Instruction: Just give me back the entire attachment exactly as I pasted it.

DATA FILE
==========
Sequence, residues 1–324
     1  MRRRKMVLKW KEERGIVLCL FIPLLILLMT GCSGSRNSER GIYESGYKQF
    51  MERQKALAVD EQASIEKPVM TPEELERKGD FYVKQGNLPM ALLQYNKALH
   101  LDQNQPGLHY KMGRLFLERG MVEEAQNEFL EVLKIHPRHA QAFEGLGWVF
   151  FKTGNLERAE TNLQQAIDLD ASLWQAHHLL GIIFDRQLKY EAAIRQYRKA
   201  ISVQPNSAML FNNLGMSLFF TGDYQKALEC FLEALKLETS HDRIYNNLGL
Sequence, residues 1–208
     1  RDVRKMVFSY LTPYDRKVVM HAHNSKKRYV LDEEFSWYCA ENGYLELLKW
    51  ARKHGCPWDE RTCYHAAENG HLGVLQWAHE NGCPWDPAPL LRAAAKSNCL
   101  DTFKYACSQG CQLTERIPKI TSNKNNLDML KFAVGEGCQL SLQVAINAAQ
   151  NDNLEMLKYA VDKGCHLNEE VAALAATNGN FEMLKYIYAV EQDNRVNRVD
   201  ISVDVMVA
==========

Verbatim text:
Sequence, residues 1–324
     1  MRRRKMVLKW KEERGIVLCL FIPLLILLMT GCSGSRNSER GIYESGYKQF
    51  MERQKALAVD EQASIEKPVM TPEELERKGD FYVKQGNLPM ALLQYNKALH
   101  LDQNQPGLHY KMGRLFLERG MVEEAQNEFL EVLKIHPRHA QAFEGLGWVF
   151  FKTGNLERAE TNLQQAIDLD ASLWQAHHLL GIIFDRQLKY EAAIRQYRKA
   201  ISVQPNSAML FNNLGMSLFF TGDYQKALEC FLEALKLETS HDRIYNNLGL
Sequence, residues 1–208
     1  RDVRKMVFSY LTPYDRKVVM HAHNSKKRYV LDEEFSWYCA ENGYLELLKW
    51  ARKHGCPWDE RTCYHAAENG HLGVLQWAHE NGCPWDPAPL LRAAAKSNCL
   101  DTFKYACSQG CQLTERIPKI TSNKNNLDML KFAVGEGCQL SLQVAINAAQ
   151  NDNLEMLKYA VDKGCHLNEE VAALAATNGN FEMLKYIYAV EQDNRVNRVD
   201  ISVDVMVA